The Astor Theatre is proud to be the oldest performing arts venue in the province. In 2002 the Astor Theatre celebrated 100 years of entertainment on the South Shore of Nova Scotia.
Built in 1902 as part of the historic Town Hall, the theatre was known as the Liverpool Opera House. It's stage hosted touring and local shows until 1917, when silent films were introduced. Gradually the film presentation gained in frequency and popularity. In 1930, talking pictures were shown for the first time. The first "talkie" shown in the theatre was "Love in the Rough", a comedy on golf. at the same time the name was changed to the Astor Theatre by Seth Bartling Sr. after his favourite theatre in New York.
During World War II the cinema featured regular war documentaries; news reels about the War in Europe became a staple of the Astor's presentations. Shortly after the war the theatre was renovated to accommodate more people in the balcony as cinema presentations grew in popularity. A new screen format was installed to allow cinemascope pictures in the late 50's. A larger screen was installed and the proscenium arch was widened to allow for the larger pictures. As well, the tin ceiling was plastered over to compensate for amplified sound.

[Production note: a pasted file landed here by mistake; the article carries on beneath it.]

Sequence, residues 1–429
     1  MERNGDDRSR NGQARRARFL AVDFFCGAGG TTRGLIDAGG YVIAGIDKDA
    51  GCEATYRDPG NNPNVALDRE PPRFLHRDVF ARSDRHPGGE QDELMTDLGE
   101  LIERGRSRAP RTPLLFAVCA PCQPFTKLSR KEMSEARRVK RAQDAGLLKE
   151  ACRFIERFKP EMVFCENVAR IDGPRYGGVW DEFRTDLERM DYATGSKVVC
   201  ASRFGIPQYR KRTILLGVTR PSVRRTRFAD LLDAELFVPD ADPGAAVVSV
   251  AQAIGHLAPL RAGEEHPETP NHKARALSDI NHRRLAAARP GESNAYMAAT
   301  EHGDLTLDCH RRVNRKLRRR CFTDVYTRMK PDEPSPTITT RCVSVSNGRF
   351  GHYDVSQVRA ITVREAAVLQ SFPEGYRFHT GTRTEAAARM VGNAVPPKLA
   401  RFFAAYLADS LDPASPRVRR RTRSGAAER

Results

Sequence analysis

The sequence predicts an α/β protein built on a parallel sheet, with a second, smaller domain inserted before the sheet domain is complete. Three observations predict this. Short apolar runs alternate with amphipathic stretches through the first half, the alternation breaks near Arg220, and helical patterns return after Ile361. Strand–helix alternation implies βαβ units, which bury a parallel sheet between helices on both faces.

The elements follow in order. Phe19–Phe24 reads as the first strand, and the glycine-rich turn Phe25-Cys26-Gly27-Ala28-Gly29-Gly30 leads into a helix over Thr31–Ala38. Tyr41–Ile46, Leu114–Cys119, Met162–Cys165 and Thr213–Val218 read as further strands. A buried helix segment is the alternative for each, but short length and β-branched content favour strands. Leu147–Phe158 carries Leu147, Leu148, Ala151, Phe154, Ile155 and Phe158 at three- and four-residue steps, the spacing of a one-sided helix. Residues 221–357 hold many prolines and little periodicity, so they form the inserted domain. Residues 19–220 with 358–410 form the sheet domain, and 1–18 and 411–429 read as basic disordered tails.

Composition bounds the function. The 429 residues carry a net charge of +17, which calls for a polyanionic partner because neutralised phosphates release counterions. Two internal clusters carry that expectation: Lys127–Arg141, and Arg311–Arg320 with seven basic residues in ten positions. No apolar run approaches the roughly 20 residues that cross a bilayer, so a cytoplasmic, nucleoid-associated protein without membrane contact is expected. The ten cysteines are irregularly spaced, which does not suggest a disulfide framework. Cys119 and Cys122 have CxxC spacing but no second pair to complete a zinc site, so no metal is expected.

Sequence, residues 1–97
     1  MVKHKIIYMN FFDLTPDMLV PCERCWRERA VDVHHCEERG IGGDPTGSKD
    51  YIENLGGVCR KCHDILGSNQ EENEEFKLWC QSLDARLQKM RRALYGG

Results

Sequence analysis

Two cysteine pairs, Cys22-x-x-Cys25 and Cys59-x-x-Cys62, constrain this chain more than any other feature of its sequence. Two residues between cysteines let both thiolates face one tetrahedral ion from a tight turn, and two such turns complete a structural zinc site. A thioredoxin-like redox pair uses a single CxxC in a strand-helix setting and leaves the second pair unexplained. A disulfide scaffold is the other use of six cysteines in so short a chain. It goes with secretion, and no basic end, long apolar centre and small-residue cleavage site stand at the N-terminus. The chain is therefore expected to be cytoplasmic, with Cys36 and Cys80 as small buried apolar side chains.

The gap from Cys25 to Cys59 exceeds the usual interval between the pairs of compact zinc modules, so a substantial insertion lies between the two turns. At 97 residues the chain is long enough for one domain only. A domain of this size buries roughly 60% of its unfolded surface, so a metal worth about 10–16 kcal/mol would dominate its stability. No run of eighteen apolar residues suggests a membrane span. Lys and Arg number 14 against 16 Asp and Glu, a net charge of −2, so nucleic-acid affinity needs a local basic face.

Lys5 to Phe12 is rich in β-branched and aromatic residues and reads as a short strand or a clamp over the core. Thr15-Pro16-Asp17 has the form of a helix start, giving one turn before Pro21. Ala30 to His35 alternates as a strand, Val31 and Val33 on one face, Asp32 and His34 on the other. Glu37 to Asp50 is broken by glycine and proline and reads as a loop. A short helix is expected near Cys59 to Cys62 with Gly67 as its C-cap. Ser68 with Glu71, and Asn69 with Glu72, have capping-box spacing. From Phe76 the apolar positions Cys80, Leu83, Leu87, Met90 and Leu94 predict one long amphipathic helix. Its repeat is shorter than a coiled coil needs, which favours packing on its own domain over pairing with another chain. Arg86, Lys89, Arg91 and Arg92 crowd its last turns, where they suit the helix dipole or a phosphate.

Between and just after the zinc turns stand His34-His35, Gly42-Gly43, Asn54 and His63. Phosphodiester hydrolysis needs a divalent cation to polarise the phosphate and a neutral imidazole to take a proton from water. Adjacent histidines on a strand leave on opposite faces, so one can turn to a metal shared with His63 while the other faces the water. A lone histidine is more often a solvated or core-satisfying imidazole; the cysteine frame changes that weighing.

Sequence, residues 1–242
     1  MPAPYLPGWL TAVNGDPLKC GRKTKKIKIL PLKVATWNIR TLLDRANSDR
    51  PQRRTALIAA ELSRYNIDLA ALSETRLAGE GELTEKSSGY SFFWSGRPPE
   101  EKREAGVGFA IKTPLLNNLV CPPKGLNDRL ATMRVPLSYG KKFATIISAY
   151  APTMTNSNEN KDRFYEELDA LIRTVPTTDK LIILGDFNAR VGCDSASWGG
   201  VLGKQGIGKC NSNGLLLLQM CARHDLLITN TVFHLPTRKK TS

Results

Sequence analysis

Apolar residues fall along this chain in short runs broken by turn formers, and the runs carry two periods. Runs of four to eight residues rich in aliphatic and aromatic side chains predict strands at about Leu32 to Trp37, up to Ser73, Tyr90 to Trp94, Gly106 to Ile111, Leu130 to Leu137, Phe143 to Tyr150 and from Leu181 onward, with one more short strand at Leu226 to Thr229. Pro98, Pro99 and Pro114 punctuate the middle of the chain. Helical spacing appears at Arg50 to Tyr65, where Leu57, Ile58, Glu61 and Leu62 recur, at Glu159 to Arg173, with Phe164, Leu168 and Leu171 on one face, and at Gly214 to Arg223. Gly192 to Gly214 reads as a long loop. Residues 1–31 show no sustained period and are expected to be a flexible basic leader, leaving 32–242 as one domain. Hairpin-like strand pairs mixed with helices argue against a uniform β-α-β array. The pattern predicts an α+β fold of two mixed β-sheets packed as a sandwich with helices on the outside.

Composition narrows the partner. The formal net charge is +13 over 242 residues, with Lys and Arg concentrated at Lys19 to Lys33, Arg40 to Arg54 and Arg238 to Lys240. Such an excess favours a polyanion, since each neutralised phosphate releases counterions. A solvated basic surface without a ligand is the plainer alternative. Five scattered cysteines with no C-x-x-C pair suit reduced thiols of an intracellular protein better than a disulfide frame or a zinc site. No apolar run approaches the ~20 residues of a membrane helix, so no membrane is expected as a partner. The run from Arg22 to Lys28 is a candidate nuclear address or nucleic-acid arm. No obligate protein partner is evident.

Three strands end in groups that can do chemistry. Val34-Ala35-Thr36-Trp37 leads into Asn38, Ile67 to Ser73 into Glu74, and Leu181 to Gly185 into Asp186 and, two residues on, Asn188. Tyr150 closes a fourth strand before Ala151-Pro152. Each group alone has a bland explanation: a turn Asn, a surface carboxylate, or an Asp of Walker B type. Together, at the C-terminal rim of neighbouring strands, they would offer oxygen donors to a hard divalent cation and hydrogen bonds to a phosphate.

For a time, there were few live presentations. In 1979, with increased interest in live presentation, the Astor began presenting local talent through the Winds of Change Dramatic Society. With the installation of a new thrust stage, the stage area was increased to accommodate larger and larger performing acts. In June 1987 The Astor Theatre Society was incorporated as a non-profit, charitable organization.
The Astor has played host to many touring artists including Rita MacNeil, Natalie MacMaster, Tommy Hunter, George Fox, Mr. Dressup, Symphony Nova Scotia, and the Royal Shakespeare Company to name a few. A particularly interesting feature is the tin ceiling as you enter the theatre. The entire theatre used to have a similar ceiling but changes were made to enhance the sound quality as it's usage changed. However the change in the main ceiling did not affect the acoustics which are some of the best in the province. The high rounded ceilings and the plaster walls make the Astor a wonderful place to enjoy concerts and plays. Why not find out for yourself?